Net zero is increasingly used regarding emissions reduction targets. But what does it really mean?
With the Canadian Net-Zero Emissions Accountability Act (Bill C-12) Canada is joining many nations in setting a target of net zero greenhouse gas (GHG) emissions by 2050. Unfortunately, this conversation promises to be a dangerous distraction for Canadian policy makers, who already have a terrible track record at meeting emission reduction targets.
While reducing GHG emissions to zero is a clear concept, net zero muddies the waters in that some unspecified amount of emissions would be permitted as long as they are balanced by carbon removals—whether domestic or international in origin. Net zero thus contains two objectives: reducing fossil fuel emissions and increasing carbon removals, and proposes that they can be traded off against each other.
To date, the federal government has not stated how much they are betting on carbon removals for meeting 2050 net zero targets. There are three net zero loopholes of concern: forests and other “nature-based solutions,” engineered removals and purchasing credits from outside the country.
Canada is already cooking the books by claiming its managed forests are a carbon sink (meaning they absorb more CO2 than they release annually). In fact, Canada’s forests have been a massive source of carbon dioxide emissions over the past couple decades due to insect infestations and wildfires, but these lands have been scrubbed from the official numbers.
Reducing GHG emissions to zero is a clear concept, net zero muddies the waters.
Whether source or sink, conflating forest carbon with fossil fuel carbon is a mistake. Trees could burn down, be killed by insects or logged for wood. In any event, to get CO2 levels down to a habitable level we need forests in addition to reducing fossil fuel emissions to near zero.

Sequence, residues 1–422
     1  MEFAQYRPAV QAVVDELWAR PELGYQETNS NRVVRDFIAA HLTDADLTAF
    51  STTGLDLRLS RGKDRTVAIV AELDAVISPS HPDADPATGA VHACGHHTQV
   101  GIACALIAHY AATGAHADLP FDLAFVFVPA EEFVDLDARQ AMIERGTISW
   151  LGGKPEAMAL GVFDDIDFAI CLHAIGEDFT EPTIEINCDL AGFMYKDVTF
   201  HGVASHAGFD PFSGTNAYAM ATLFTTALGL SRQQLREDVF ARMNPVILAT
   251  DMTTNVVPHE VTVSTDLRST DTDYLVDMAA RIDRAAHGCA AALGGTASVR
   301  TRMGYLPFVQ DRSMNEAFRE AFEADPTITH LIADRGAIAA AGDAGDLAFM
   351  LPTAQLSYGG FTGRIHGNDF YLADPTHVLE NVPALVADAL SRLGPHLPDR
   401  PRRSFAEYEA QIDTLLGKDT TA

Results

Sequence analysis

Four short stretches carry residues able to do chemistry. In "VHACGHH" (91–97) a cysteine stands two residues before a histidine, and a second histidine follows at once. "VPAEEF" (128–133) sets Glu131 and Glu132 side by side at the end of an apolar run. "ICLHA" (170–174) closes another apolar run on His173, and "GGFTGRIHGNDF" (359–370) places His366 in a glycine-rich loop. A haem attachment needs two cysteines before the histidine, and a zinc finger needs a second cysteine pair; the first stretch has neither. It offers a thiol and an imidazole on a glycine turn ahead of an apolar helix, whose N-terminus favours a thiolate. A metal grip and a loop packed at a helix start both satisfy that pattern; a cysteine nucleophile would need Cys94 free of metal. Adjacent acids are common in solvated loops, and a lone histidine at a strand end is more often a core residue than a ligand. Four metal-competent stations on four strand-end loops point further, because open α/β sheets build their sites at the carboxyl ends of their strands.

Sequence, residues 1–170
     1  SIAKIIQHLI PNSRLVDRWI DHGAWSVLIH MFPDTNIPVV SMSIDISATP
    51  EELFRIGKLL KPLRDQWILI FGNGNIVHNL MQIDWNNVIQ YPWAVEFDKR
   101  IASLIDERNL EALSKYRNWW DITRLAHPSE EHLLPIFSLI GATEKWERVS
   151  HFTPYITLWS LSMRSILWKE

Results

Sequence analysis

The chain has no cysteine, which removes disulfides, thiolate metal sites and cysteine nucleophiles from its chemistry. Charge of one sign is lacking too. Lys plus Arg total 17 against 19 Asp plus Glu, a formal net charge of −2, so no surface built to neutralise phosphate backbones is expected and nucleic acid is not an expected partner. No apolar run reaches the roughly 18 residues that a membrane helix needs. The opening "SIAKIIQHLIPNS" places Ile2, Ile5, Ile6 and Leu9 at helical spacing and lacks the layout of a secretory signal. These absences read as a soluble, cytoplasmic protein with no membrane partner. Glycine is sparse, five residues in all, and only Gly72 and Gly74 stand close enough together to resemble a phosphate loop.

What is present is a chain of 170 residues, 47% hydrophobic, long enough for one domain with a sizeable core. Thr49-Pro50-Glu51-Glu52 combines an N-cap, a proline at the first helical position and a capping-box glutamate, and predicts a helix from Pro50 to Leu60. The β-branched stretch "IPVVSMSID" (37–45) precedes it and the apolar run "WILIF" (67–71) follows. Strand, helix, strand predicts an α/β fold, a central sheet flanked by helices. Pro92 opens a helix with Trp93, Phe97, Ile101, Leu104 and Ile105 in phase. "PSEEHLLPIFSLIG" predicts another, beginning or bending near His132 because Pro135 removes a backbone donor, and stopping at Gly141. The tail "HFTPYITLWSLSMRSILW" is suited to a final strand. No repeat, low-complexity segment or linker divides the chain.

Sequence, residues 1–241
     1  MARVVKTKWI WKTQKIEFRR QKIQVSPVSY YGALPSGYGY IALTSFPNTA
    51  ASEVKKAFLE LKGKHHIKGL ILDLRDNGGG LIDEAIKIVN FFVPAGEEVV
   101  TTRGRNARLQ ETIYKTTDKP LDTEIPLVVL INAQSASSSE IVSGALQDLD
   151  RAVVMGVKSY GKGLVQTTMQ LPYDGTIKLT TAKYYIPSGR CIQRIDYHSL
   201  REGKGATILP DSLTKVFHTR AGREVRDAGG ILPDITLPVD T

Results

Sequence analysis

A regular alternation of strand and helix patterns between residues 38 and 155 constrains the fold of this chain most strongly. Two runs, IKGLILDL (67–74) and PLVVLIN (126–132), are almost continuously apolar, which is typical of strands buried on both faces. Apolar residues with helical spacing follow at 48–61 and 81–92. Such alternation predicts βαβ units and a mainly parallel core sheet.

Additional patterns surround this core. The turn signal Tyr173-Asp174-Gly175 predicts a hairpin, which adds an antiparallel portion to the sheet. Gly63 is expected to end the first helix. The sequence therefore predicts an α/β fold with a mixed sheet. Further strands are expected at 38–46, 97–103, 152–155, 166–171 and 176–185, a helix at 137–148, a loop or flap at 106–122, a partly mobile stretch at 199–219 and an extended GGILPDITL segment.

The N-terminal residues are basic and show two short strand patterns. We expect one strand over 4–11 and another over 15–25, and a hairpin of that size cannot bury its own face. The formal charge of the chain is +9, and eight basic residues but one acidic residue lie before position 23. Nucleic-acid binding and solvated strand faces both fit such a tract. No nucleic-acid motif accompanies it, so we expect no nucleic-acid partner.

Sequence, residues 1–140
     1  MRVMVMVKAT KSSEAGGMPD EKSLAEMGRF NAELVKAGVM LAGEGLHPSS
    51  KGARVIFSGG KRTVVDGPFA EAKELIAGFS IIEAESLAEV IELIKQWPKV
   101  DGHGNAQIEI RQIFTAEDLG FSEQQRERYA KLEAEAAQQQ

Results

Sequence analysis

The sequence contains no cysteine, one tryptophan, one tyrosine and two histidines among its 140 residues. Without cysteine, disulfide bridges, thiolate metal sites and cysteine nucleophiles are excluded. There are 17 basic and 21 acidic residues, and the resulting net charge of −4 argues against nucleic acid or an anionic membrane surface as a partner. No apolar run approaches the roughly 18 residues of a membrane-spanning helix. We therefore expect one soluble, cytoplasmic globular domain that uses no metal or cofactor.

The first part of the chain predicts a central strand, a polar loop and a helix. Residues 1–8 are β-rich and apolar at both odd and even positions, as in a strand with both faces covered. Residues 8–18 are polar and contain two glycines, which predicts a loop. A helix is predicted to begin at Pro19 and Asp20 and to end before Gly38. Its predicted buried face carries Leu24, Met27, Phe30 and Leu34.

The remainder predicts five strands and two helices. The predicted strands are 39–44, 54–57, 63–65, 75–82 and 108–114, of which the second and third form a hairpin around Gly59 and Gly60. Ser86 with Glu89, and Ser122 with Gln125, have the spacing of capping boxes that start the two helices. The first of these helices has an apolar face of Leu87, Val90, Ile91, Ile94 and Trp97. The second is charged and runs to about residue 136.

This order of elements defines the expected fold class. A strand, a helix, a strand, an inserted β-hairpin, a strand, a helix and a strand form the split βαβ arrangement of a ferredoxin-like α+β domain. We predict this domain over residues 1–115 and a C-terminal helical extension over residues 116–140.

Nature-based solutions are another diversion from the real work of reducing emissions from the combustion and production of fossil fuels. A recent study pointed to the important need to avoid further deforestation and conversion of grasslands into agriculture, but doing so cannot substitute for real emission reductions because they do not draw down CO2 from the atmosphere.
More problematic are industrial-scale technologies that promise to capture carbon dioxide and bury it underground. Direct air capture of carbon dioxide, as demonstrated by Squamish’s Carbon Engineering, is touted as a magic bullet solution, but is energy-intensive and still uses a lot of fossil fuels to power its processes.
It’s impossible to know what carbon removal technologies of the future could achieve but scaling up these ideas is likely to be very expensive and impractical. For now, they risk diverting resources away from bona fide solutions. Public funds would be much better invested directly into renewables and green technologies.
If we take all of the above and turn it into a global market for buying and selling carbon credits, we can find a final escape hatch for federal and provincial governments. While Canada has not confirmed that it will purchase credits generated outside our borders, past climate plans have banked on this.
More problematic are industrial-scale technologies that promise to capture carbon dioxide and bury it underground.
Global and domestic experience with carbon offset markets shows many complicated accounting methodologies that give a false sense that emissions are being reduced elsewhere. Yes, Canada should fund forest conservation and natural carbon sequestration but we should do that as a public service, not as dubious offset projects that allow polluters to continue polluting.
For many years Canada has wanted to have it both ways: modest climate action while ramping up production and export of the fossil fuels that are the primary cause of climate change. Meeting Canada’s net zero target for 2050 ultimately requires absolute reductions in fossil fuel production, around one-quarter of Canada’s emissions total.
In light of the recent International Energy Agency report—that says new investments in fossil fuel projects are inconsistent with keeping a lid on temperature increases—policy-makers need to commit to a managed wind down of fossil fuel production in Canada and avoid diversions that perpetuate business as usual.
Topics: Climate change & energy policy